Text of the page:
On the Tyranny of Tradition

NOTE: More than a month has passed since this incident took place, but suddenly, thanks to an article in the Vancouver Sun, interest in this issue has begun anew. I’ve said all I have to say on the subject. I’m also closing comments on this post. If you have something to say, you’re welcome to say it over on the Vancouver Sun’s pages, but I’m making an editorial decision to shutter further comments on this post to prevent them from getting ugly.

(NOTE: After talking to my friend Jason, I wanted to offer this note: I acknowledge that the Morris Men were not pretending to be black people, nor were they trying to mimic black people in their performance. I also acknowledge that as the person who lacked context, the onus was on me to try to gain that context. I hope I did that. My feelings do not trump cultural identity. At the same time, I think geography and location matter.)

I’ve seen a lot of things in Vancouver, but I never expected to see a group performing in blackface right outside my apartment.

I caught the Vancouver Morris Men as they performed on the plaza in the Olympic Village. A group of 8-10 middle aged white men in blackface played instruments, danced in circles and lines, sang songs, and performed routines with sticks. And oh yeah, they were in blackface.

I stood there, shaking with rage, completely gutted by the fact that no one else in this oh-so Liberal and progressive environment seemed to have a problem with what we were watching. It was just me, posting photos to Twitter, standing there with my arms crossed, mean-mugging the whole time while the audience clapped and cheered. I decided to stick around after the performance was over. I wanted to understand why this particular tradition was so important to them. I walked over to one of the performers as he was talking to a couple of women, and interrupted him mid-explanation.

He was explaining to one woman that the reason they performed this way was because of the class differences in society at the time the tradition started. Performance was frowned upon in upper class society, so the dancers darkened their faces with cork to disguise themselves.

“Do you understand that blackface is hurtful to some people?” I asked, trying to keep the tremor out of my voice.

“You’re not the first person who has complained or raised a concern about this,” he said, “but we’ve decided as a group that it’s important to honor the tradition, and that we’d keep performing in blackface.”

I could write more about the exchange, including the belligerent woman who shouted in my face that this was “older than Shakespeare” and that I was wrong to criticize the dancers because “(she) liked it”, and I could talk about the other dancer who, growing testy, tried to talk over me to try to silence me. I’d like to mention that a woman who said she descended from Holocaust survivors understood what I was saying, and opined that when something touches a person like this, it becomes an emotional response. But right now, I want to try to focus on a lesson.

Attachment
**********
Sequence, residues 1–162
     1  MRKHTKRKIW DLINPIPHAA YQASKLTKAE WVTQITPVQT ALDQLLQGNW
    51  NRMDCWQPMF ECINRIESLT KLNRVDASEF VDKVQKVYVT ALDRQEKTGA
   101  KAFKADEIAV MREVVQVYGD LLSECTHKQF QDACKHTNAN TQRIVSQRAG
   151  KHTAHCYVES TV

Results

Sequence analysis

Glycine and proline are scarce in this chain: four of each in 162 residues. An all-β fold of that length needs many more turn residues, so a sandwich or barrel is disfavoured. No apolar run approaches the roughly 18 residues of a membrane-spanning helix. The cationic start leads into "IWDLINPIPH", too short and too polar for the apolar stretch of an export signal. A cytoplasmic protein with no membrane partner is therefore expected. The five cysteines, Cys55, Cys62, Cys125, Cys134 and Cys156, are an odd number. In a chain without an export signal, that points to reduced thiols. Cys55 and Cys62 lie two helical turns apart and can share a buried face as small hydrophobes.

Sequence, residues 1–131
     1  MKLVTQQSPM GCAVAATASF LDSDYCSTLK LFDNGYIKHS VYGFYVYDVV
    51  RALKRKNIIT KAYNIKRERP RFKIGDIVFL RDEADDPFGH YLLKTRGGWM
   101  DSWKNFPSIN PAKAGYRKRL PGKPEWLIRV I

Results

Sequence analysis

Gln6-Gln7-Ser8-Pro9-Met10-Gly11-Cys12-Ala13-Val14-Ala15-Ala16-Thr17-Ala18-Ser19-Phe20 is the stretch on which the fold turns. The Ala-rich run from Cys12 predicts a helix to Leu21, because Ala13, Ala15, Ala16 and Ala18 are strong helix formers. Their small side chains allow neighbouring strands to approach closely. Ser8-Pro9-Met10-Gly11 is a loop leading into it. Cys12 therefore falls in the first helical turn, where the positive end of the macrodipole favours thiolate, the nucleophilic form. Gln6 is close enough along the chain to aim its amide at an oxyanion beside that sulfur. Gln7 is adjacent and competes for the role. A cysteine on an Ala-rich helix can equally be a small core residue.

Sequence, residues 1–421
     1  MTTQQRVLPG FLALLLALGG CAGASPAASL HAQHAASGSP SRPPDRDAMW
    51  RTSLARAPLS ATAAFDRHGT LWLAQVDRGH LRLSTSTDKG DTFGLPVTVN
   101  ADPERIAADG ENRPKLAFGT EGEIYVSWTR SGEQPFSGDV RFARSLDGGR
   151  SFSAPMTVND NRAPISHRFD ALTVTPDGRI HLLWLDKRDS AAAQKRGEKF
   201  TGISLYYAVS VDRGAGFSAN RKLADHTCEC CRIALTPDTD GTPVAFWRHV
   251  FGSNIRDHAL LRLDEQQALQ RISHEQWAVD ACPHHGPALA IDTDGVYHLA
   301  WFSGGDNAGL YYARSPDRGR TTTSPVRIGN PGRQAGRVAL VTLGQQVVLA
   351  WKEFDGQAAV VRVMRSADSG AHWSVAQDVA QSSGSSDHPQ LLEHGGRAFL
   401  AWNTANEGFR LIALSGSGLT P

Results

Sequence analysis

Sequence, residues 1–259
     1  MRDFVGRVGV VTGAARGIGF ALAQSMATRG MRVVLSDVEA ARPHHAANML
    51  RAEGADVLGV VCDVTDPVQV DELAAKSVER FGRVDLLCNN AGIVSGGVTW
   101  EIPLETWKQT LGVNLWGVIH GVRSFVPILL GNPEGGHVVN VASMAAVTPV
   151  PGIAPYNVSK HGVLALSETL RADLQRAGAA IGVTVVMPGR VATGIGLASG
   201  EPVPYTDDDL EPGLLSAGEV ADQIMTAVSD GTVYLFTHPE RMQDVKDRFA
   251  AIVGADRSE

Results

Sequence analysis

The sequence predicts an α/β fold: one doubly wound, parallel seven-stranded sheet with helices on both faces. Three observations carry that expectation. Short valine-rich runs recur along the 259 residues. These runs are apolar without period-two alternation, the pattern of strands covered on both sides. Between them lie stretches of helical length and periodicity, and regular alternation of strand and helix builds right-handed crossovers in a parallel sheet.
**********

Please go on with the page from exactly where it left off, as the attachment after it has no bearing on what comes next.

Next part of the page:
When your tradition, when your art causes people pain, you have a responsibility as an artist, but what is that responsibility, and what is the correct response? Is it time to think of another way to honour your tradition without causing emotional damage? Should you be given a pass because your art is old and time-tested, or because it was the ways of your forefathers? What is your responsibility as a thinking, living, feeling member of the society you inhabit? You aren’t excused simply because you’re “just trying to have fun” or “just trying to be respectful to (your) history”.

Perhaps you’ve never had to face your biases in person. If that’s the case, then you’ve lived a sheltered and privileged experience. When a person comes to you with pain in their voice and tears in their eyes, it isn’t the time to cover your eyes, stick your fingers in your ears, and sing “LA LA LA CAN’T HEAR YOU!”.

You may never call a black person a nigger, and the very idea of explicit racism may make your blood boil, but when you’re putting forth an image that leads a person who lacks the proper context to an unfavourable conclusion, it’s your responsibility to listen. If you are unwilling to listen, or if you decide that your art and your tradition mean more to you than another person’s stress and discomfort, then you are willfully flaunting your privilege. If you willfully flaunt your privilege, you deserve to be — and will be — called out on it. Do not feign outrage or surprise. Do not plead ignorance.

I know that change is hard. I know that you probably feel picked on and misunderstood. I am sorry for that, but at the same time — welcome to my world, buttercup. Do not try to tell me how hard it is to wear blackface (yes, one of the performers actually said this to me). But when you try to hide racist questionable behaviour or racist questionable representations under a cloak of tradition, or when you try to pass it off as little more than a quaint custom, it makes you look callous. It makes you look like a coward. If you descend from such a brave and proud people — and I don’t doubt that you do — do them the honour of finding a way to celebrate their meaning in the same spirit, but without such a literal interpretation that will, without a doubt, be easily misunderstood.